Cozy Culinary Couple at Kouzina

Joanna Cognac talks about her husband, executive chef Nelson Cognac, their Waban restaurant and their new endeavor in Brookline.

Joanna and Nelson Cognac have always worked with and around food, so deciding to open a restaurant together was “really a no-brainer,” according to Joanna.

As their Waban eatery nears its ten-year anniversary, and they approach their own 12-year mark, the Cognacs are also enjoying the success of their new restaurant, in Brookline.

But back when they met 14 years ago while working at the now-defunct Figs in Wellesley, Joanna was waiting tables and Nelson was Executive Chef. But their careers in the kitchen began much earlier.

“We’ve both been in this business for 30 years,” explains Joanna. “We both started as dishwashers. Back then, that’s what American kids did — you washed dishes. Kids don’t really wash dishes today.”

Nelson also did a stint in San Francisco. He trained under Larry Vito at the Stamford Court Hotel and also worked as executive chef for restaurants in the Kimpton Hotel Group. But his family was still here in Massachusetts, “his parents were getting older,” explains Joanna, so back to the Boston area he came. Eventually he landed at Figs, and their romance blossomed.

From the very beginning, the couple talked of opening their own places; yes, Cognac Bistro was also always a part of their plan. But when they first opened Kouzina in 2001, naysayers couldn’t see the small restaurant in the very upscale Newton village having much success.

“When I was outside painting the front, getting ready to open, there was this old guy who would ride his bike by,” explains Joanna. “He’d say, ‘You’re not going to make it.’ And I was like, ‘Thanks.’ Well, now he rides by and he comes in!”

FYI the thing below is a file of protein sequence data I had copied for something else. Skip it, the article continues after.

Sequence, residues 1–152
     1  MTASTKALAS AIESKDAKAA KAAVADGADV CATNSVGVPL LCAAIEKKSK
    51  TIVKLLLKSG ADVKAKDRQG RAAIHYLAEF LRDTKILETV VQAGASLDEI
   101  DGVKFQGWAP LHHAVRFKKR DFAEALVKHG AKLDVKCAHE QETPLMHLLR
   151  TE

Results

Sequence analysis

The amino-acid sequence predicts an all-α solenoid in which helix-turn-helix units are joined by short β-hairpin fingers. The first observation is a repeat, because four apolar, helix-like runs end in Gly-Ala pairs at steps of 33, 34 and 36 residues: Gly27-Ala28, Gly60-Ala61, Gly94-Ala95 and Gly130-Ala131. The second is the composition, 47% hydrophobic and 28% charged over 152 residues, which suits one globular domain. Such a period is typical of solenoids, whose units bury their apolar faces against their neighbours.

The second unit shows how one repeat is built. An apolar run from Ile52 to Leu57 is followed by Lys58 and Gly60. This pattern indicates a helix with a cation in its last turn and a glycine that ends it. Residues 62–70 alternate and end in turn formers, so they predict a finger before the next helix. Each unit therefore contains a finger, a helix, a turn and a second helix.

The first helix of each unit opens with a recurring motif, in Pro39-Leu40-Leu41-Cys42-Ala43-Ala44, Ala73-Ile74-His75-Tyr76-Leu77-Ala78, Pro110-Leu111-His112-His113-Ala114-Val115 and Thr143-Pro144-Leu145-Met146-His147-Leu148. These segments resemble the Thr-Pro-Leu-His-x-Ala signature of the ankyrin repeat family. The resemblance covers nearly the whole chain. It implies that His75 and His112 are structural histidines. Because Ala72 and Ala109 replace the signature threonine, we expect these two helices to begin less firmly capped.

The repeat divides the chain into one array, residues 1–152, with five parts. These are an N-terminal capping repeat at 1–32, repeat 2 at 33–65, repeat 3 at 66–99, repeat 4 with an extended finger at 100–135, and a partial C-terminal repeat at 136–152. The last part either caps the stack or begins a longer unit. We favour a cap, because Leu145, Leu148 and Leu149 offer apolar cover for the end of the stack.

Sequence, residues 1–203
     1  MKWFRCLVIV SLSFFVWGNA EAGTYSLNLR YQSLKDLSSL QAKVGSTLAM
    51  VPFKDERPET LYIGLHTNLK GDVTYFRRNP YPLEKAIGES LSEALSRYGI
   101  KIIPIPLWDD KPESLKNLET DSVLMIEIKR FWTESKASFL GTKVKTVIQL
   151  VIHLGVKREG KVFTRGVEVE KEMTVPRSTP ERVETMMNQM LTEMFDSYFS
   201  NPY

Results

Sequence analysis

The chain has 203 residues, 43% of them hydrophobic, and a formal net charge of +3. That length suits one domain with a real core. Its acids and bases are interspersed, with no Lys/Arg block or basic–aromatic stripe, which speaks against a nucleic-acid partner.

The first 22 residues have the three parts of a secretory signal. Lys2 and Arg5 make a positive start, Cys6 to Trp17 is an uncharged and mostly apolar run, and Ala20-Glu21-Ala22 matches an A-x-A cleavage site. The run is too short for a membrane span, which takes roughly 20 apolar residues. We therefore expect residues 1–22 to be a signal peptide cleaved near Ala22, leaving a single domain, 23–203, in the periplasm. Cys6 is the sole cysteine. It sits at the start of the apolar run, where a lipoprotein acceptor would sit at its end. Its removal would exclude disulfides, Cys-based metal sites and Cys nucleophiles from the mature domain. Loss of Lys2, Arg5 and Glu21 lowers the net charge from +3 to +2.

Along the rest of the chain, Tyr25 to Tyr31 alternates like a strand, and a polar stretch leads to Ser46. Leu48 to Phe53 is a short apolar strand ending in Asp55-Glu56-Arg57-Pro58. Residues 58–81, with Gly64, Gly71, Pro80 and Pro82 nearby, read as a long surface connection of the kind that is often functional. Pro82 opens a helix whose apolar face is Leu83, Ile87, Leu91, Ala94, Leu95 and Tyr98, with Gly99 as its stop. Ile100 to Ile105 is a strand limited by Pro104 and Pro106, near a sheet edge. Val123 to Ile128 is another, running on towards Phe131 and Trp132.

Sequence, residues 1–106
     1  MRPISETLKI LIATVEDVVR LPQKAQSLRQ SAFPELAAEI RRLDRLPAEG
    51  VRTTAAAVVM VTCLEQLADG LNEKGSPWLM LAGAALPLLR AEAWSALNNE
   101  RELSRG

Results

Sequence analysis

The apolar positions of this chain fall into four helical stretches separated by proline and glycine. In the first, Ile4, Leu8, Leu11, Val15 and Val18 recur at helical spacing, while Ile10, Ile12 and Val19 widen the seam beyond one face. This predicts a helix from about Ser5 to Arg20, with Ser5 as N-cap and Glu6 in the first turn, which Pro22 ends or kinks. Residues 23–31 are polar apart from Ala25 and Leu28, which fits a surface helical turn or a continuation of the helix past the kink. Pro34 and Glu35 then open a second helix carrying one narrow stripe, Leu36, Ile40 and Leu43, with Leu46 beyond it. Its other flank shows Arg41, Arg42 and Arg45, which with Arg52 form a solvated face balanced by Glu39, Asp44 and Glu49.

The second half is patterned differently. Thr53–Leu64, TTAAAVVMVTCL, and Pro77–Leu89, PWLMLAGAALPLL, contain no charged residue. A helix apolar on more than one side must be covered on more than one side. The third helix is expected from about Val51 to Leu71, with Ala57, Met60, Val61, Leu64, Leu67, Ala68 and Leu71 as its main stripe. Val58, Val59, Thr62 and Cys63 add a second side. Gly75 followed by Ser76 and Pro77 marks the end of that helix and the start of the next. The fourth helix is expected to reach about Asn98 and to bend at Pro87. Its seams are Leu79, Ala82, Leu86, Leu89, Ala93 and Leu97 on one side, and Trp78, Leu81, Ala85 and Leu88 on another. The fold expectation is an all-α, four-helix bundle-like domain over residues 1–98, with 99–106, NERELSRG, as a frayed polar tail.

Their original menu contained a melting pot of Mediterranean-influenced dishes, and in keeping with Nelson’s heritage they did have some French fare. But they held back some of his favorite recipes for their eventual second endeavor. Now Kouzina’s menu focuses on Greek flavor profiles.

“We have the pastitsio (ground beef with béchamel sauce and tomato) and the moussaka (ground lamb with béchamel sauce and eggplant),” Joanna says. “We have a number of souvlakis- that’s on a skewer. It’s pretty much geared towards the Greek.”

Six months ago, the French-influenced recipes Nelson had dutifully saved were finally able to see the light of day. Cognac Bistro opened in late October, and as of this week they added lunch to their existing dinner, brunch and bar service. They are currently open seven days a week.

Kouzina is closed on Sundays and Mondays, but the other five days of the week find the Cognacs juggling a very busy schedule. They both begin the day doing prep and organization at Kouzina. Nelson then heads over to Brookline, leaving Joanna to run the front of the house, and hands off chef duties to his well-trained line cooks.

“We’re very fortunate that they’ve been with us for 10 years,” Joanna states. “Nelson writes all his recipes down. They follow a format. You have to — it’s a standard!”

Their schedule looks to be this hectic for the foreseeable future, but Joanna is just excited about realizing their dream of having two restaurants that can honor both her Greek heritage and Nelson’s French culinary background.

“We’ve been thinking about this for nearly eight years,” she beams.


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